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Zombie Apocalypse and the Politics of Artificial Scarcity

Colin Jenkins

Dystopian narratives have long been an alluring and thought-provoking form of entertainment, especially for those who take an interest in studying social and political structures. From classics like Nineteen Eighty-Four and Brave New World to the current hit, The Hunger Games, these stories play on our fears while simultaneously serving as warning signs for the future. Their attractiveness within American society is not surprising. Our lives are driven by fear. Fear leads us to spend and consume; fear leads us to withdraw from our communities; and fear leads us to apathy regarding our own social and political processes. This fear is conditioned as much as it is natural. The ruling-class handbook, Machiavelli's The Prince, made it clear: "Since love and fear can hardly exist together, if we must choose between them, it is far safer to be feared than loved." The idea of apocalypse is a central tenet of human society. We've been taught about Armageddon, Kali Yuga, Judgement Day, Yawm ad-Dīn, nuclear holocaust, the end times, the four horsemen, and the Sermon of the Seven Suns. Hierarchical societal arrangements leave us feeling powerless. Exploitative systems like capitalism leave us feeling hopeless. And the widespread deployment of fear ultimately keeps us in our place, and out of the business of those who own our worlds.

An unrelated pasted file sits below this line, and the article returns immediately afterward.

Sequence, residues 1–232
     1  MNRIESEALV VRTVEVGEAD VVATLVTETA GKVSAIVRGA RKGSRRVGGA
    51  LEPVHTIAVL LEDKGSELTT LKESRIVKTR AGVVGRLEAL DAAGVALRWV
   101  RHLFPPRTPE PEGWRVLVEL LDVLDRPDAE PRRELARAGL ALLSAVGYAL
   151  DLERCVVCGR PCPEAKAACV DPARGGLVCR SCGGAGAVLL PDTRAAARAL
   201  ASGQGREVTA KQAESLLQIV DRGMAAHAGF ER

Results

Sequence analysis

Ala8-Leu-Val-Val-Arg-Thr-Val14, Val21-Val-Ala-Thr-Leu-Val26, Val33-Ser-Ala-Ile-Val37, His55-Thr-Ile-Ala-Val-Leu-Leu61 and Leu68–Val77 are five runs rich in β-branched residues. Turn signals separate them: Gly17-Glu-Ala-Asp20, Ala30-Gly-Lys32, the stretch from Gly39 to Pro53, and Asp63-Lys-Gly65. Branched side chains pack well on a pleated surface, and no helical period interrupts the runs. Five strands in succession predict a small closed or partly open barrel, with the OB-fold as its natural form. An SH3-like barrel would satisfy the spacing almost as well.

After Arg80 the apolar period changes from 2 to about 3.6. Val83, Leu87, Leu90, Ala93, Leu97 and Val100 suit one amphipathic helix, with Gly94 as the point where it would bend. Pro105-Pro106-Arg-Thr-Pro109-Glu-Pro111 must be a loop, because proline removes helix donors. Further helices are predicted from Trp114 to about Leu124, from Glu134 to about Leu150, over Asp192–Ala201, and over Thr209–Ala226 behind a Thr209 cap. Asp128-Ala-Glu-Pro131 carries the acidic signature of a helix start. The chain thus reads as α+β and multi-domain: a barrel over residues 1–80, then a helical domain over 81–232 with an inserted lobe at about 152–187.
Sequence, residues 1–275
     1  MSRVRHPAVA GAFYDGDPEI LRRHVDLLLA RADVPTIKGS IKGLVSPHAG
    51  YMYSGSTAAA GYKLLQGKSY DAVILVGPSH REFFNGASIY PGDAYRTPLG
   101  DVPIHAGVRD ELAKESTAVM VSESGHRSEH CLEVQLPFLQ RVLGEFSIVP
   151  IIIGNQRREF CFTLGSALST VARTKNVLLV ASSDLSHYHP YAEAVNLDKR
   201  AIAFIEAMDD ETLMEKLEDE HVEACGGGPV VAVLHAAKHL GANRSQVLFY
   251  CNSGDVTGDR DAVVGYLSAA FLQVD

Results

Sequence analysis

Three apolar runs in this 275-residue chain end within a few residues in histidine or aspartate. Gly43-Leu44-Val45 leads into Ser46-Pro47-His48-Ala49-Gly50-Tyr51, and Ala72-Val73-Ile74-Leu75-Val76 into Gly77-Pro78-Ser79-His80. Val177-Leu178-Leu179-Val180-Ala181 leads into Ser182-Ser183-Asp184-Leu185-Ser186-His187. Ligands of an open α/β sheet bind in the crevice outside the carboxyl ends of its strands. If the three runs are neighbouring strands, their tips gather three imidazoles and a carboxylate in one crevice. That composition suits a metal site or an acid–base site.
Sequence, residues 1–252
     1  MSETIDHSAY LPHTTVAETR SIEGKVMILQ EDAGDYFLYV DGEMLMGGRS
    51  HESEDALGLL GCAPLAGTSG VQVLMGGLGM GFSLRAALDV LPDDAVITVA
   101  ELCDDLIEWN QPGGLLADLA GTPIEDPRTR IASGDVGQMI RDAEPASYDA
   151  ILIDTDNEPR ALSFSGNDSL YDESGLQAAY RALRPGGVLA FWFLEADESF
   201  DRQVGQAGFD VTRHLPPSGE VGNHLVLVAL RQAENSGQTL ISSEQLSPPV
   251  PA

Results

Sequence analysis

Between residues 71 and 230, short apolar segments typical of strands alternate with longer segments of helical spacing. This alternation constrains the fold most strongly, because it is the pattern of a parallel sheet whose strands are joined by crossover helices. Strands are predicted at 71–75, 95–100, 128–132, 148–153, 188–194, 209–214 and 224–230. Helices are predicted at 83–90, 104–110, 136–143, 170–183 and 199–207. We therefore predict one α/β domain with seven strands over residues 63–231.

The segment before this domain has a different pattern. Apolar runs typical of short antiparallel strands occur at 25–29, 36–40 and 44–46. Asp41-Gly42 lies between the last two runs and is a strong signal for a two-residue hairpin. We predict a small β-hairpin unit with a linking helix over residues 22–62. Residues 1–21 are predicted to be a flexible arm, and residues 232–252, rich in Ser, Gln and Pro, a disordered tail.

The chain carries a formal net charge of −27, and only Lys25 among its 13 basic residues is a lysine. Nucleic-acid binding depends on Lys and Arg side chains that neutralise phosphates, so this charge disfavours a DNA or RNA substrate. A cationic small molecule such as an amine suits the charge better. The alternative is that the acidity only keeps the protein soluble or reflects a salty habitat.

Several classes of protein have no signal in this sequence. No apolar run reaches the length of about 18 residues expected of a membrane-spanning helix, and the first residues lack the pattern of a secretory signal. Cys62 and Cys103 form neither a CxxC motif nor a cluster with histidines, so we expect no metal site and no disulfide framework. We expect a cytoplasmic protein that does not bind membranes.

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Anarchism and Political Non-engagement

Jordan Shanti

As an anarchist, being politically engaged looks very little like the way most people understand political engagement. Political engagement typically brings to mind all kinds of activism, handshakes with the rich and powerful, and emotional speeches about why some candidate or policy is the ultimate good, but anarchists don't like to play that game. It's a losing game for all parties and for every living being on this living planet. Anarchism precludes something wholly different from political engagement, and that is political non-engagement. Under a system which dominates and oppresses all aspects of our lives, all acts have been rendered political. Where you buy your food, who you bank with, what clothes you wear, what shoes you wear, where you work, how you worship, these basic aspects of life are all deeply political - perhaps even a great deal more political than the ballot you cast or the petitions you sign. "In the slave wage economy, who will your master be?" is the question that politics asks. Politics never asks you if you'd like to be a slave, or suggests that you may not have to be one. The question of politics is indeed a loaded question, as the questions of "which slave masters will you serve" and "what color would you like your shackles painted?" are presupposing that you have consented to being a slave and are more concerned with the particulars of your slavery. The anarchist ideal is grossly misunderstood because it presents the idea of walking away from the ballot box and, discontent to live shackled by an abusive system, declaring "No gods! No masters!"